At some point though, kids grow up, and some of them might like to peek behind the curtain and see what's going on at the next level down, in Smalltalk. At this level, objects belong to classes. We can create instances and send messages to them, or create new classes and methods for responding to those messages.
Below that is a level that might be called meta-Smalltalk. It's the part of Smalltalk that deals with its own implementation - Metaclasses, the Compiler, MethodContexts, etc.
Below meta-Smalltalk is the virtual machine, which is implemented in a Smalltalk-like language called Slang. Slang is syntactically valid Smalltalk, and in fact, the Squeak VM can run a copy of its self, but Slang's semantics are such that it can be translated into C and compiled into native machine code for fast execution.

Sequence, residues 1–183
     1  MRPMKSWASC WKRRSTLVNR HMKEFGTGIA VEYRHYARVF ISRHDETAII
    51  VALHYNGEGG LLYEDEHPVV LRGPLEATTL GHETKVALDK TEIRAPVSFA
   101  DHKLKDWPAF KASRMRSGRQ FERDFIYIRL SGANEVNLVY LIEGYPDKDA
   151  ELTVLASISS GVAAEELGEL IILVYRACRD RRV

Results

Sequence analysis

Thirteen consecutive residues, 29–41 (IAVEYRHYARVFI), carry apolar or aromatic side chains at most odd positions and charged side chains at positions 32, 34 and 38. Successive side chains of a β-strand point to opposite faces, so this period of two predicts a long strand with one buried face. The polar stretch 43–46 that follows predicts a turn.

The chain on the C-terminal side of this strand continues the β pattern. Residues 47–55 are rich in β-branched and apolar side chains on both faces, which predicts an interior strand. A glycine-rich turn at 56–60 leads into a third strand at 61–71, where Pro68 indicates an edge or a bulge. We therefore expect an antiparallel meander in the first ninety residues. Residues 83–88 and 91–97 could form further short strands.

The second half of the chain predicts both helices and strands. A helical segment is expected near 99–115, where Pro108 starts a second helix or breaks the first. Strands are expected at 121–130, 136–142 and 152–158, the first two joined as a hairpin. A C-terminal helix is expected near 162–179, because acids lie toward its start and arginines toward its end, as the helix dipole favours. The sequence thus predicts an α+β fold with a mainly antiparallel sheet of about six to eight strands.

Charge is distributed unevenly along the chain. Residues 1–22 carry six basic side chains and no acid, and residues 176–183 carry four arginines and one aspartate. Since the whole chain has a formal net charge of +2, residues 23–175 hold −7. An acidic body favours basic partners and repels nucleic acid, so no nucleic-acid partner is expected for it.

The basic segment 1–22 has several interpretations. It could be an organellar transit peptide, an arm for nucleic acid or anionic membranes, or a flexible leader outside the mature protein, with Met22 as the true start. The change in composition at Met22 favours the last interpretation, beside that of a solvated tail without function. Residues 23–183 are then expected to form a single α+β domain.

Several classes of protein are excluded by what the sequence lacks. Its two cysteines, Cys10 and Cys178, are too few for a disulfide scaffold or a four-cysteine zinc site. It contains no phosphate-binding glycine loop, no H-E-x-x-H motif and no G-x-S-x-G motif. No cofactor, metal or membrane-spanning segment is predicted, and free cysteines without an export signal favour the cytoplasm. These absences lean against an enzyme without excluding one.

But here there's a bit of a disconnect, because the VM level is different from all the levels above. The higher levels of Squeak are all integrated into the same environment - to move from eToys to Smalltalk, for example, one need only click a button in the script viewer to see the Smalltalk code for a particular script. To move from Smalltalk to meta-Smalltalk, one need only click the "class" button in a browser or bring up a debugger.
To make changes at the VM level, though, one has to generate and build a separate VM; the Slang implementation is not accessible from Smalltalk. And this is what is appealing about HLA. Its lowest level of execution is accessible from the level above. Of course, HLA only has two levels, and neither of them are accessible at runtime - as in Slang, the program has to be reassembled and launched again before the changes can take effect.
Still though, it makes me wonder about the possibility of creating a system that really is turtles all the way down. It seems like Exupery might be a component of such a system, as might Ian's VVM project. Perhaps a more dynamic conception of HLA might even play a role.
Posted in compilers